What was the difference between studying at FEE and studying at prestigious universities abroad, such as Cambridge and Stanford?

Studying at FEE was challenging, but it was certainly also of high quality. In terms of the level of materials and knowledge imparted, but often also in the delivery of the teaching, we can certainly compare ourselves with the best universities in the world. We have tough requirements for what students have to understand and master in order to pass and advance to the next year. All of this is tested repeatedly in the credit exams, then in the final exam, and then again in the state exams.

Studying at foreign universities, such as Cambridge, Stanford or Harvard, is also challenging, but it relies on a different approach. At these universities, students have to be more self-motivated and are given more freedom in their choice of subjects. At Stanford in particular, they have a very different grading system. It is also relatively strict for the harder courses, so the average grade can be as low as an F, as it also happens at FEE with difficult math or algorithmic courses. But at Stanford, at the end of the course, the grades are projected onto a curve and each student gets a grade compared to their classmates, and the average is set by the instructor somewhere around an A-. So instead of sifting the students, the final grade mostly works as a feedback and a comparison to others. Eventually, all students graduate unless they decide to drop out or change majors themselves. But it's also because these universities set high standards already in the admission process and then try to encourage the students to do what they enjoy and what they can be successful at. Whether this system is better or worse is for a different discussion, both have their pros and cons.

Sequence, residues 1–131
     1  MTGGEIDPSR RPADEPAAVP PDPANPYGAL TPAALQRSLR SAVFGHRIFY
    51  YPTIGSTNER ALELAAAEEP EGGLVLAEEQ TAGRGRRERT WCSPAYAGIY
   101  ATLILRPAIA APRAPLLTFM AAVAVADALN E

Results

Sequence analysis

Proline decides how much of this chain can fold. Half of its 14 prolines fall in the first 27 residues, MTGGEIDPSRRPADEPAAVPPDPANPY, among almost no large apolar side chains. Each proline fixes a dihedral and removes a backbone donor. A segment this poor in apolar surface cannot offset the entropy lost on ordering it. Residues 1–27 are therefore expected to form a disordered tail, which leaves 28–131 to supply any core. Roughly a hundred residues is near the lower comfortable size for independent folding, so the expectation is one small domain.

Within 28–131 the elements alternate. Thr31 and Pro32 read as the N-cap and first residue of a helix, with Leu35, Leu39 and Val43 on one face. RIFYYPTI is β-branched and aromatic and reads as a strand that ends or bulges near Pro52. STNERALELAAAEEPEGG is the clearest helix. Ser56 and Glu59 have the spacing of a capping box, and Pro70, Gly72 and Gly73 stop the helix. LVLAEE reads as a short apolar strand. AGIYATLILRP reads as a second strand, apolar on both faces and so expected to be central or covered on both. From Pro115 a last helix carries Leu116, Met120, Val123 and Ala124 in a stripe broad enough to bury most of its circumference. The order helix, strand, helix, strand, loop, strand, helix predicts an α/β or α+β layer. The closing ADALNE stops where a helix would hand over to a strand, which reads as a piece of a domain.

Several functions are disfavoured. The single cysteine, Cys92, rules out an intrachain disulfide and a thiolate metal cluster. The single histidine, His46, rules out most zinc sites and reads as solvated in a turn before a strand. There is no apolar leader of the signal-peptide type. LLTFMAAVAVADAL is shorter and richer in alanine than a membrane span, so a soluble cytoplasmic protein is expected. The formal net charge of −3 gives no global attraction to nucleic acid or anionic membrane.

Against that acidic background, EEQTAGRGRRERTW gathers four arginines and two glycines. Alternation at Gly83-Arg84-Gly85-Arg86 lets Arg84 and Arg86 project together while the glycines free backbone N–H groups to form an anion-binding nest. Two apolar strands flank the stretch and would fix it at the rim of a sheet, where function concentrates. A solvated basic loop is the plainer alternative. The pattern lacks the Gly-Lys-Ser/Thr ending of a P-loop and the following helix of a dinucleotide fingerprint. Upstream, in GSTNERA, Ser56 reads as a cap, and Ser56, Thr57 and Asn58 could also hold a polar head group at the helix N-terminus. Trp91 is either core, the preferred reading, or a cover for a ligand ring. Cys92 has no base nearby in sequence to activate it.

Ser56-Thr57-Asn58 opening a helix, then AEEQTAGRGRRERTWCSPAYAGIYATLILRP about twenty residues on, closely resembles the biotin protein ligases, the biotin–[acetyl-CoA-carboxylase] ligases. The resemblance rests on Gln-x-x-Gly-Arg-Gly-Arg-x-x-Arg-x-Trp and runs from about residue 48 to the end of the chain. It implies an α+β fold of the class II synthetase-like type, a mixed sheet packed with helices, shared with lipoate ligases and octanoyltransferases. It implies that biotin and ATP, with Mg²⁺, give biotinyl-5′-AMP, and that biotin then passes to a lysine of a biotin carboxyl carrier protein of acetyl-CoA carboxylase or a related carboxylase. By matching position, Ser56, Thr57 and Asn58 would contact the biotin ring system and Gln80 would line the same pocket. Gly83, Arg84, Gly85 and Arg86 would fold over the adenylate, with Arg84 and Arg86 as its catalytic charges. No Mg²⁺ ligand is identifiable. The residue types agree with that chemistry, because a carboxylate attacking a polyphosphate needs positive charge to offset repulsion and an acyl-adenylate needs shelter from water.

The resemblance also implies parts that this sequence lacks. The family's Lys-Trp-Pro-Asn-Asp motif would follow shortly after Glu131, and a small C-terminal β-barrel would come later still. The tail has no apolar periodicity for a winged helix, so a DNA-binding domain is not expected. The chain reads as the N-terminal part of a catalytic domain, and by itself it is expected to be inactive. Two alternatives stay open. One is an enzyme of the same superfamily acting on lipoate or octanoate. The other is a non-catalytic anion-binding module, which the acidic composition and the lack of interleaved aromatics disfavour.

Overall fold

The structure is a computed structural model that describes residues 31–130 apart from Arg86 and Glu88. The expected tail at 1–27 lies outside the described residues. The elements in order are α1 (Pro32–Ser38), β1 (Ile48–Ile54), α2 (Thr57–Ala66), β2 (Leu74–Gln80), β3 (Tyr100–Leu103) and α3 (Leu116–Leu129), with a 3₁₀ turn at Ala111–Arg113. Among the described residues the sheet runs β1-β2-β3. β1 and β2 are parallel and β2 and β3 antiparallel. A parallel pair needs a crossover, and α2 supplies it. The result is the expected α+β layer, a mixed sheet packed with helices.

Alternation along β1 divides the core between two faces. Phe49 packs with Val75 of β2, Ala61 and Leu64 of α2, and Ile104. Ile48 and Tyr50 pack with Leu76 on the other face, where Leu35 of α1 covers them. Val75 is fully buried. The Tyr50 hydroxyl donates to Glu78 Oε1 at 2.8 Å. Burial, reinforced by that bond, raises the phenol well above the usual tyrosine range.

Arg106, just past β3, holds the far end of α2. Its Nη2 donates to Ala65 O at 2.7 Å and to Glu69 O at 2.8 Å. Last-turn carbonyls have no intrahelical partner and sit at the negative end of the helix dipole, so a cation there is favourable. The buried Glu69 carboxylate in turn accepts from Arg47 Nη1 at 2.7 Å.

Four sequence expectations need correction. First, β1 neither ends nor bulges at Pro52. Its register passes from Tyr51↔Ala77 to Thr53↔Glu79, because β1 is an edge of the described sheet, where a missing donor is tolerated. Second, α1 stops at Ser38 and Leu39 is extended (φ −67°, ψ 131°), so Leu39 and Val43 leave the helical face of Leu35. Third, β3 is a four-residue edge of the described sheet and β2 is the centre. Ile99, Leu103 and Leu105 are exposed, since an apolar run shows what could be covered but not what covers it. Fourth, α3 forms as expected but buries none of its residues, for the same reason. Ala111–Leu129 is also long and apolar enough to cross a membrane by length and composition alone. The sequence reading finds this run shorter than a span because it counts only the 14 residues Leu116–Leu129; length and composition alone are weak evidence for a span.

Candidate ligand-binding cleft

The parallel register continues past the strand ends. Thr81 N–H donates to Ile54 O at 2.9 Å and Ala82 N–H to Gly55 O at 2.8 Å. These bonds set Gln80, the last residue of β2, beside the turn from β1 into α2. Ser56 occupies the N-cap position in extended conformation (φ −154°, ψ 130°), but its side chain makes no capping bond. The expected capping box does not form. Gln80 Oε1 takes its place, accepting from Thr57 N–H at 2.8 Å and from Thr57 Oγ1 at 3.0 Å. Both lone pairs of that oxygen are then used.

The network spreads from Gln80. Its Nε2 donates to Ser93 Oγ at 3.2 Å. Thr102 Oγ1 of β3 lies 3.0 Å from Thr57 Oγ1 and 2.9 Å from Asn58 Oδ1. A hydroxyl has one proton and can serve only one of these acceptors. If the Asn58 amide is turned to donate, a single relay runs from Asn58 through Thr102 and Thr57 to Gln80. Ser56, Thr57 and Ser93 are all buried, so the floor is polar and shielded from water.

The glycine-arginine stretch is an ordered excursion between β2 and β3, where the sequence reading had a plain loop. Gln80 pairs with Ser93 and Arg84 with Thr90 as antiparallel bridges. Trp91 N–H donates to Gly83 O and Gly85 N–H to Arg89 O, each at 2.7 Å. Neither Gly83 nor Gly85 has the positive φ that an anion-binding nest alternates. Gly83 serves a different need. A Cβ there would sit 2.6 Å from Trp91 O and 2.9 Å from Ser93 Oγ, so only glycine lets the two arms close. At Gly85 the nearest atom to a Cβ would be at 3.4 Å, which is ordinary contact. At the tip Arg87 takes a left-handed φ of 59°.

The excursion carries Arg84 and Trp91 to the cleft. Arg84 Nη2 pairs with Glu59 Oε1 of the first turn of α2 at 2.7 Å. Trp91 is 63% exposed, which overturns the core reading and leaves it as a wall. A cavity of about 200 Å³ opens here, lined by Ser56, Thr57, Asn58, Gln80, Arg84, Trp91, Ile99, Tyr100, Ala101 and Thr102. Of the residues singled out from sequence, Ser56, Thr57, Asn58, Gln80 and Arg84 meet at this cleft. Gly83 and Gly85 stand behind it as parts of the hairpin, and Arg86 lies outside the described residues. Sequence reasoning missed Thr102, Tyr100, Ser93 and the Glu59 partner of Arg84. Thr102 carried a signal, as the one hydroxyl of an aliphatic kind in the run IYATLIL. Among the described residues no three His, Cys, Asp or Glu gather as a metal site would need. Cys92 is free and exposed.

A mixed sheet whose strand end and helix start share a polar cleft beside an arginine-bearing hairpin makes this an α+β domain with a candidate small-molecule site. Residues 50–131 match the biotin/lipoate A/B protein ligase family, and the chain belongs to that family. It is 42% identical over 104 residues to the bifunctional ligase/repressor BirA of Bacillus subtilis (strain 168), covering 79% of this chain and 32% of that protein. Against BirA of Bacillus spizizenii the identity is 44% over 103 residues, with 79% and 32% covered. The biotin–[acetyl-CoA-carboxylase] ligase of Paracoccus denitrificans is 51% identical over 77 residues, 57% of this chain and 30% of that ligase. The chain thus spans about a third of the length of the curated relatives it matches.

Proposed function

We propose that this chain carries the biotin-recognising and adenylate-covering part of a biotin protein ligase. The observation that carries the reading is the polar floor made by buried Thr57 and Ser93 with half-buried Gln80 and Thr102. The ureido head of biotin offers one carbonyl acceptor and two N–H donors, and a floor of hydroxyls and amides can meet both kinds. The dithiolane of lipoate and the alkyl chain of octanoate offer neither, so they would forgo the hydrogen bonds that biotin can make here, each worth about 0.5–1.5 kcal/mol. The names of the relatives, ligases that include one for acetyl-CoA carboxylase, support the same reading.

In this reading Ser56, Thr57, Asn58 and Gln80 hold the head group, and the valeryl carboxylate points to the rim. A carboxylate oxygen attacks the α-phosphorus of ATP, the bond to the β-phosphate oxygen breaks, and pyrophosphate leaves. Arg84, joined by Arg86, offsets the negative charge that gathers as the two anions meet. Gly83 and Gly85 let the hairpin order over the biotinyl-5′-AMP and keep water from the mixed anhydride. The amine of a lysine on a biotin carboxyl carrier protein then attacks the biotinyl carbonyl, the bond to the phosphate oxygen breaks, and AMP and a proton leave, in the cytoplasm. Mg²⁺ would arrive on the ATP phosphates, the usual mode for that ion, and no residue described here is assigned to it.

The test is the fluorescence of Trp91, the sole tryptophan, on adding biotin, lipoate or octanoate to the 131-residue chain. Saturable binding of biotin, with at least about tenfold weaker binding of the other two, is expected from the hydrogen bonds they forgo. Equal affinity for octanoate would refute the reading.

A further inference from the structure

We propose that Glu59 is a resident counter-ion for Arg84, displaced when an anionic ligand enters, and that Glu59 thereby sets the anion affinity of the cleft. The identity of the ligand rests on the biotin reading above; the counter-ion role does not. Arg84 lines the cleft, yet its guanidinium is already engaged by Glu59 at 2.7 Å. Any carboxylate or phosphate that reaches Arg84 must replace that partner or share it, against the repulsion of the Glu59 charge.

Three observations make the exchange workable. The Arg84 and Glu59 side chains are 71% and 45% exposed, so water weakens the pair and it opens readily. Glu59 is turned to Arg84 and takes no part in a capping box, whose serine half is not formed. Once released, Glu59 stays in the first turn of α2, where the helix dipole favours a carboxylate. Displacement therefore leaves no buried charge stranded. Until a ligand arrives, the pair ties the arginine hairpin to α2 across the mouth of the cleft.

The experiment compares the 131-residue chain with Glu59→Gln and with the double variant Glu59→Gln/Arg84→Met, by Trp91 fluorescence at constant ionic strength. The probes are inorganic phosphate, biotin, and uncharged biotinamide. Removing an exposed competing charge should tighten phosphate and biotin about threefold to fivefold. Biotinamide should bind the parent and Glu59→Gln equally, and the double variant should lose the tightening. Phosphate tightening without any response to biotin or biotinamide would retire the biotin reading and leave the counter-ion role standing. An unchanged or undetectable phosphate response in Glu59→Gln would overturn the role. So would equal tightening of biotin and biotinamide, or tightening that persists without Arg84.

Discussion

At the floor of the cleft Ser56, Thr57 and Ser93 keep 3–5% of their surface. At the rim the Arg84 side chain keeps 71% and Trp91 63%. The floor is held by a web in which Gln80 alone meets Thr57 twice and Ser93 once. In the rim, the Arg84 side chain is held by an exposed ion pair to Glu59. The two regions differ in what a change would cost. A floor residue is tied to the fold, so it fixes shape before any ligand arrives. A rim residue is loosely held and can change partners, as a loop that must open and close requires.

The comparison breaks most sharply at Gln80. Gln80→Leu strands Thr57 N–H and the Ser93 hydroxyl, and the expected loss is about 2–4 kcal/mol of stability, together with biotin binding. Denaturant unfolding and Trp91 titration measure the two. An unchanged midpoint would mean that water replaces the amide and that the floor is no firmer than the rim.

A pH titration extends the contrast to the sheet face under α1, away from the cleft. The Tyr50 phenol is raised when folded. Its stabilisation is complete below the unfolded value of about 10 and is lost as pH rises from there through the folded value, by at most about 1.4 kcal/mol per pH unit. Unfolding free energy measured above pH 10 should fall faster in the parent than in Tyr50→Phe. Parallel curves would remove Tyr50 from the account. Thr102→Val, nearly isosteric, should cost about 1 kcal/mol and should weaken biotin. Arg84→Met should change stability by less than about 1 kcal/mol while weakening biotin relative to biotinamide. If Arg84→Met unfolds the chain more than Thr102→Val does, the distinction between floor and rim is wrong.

You have attended a total of three world renowned universities. How did you manage to get into them?

Already in high school, I was looking for different opportunities to gain more experience and to advance my knowledge, and I continued to do so here at FEE. In my SIT studies, I was involved in the eForce student electric formula project already from my first year, which was a great challenge. Originally, I was more interested in mathematics and computer science, but this project opened up the world of mechanical and electrical engineering to me. The team members don't become experts in everything, but at least they learn that engineers from different disciplines work differently. We were able - and the team continues to be able - to build competitive single-seaters, and I had an amazing experience at the summer races.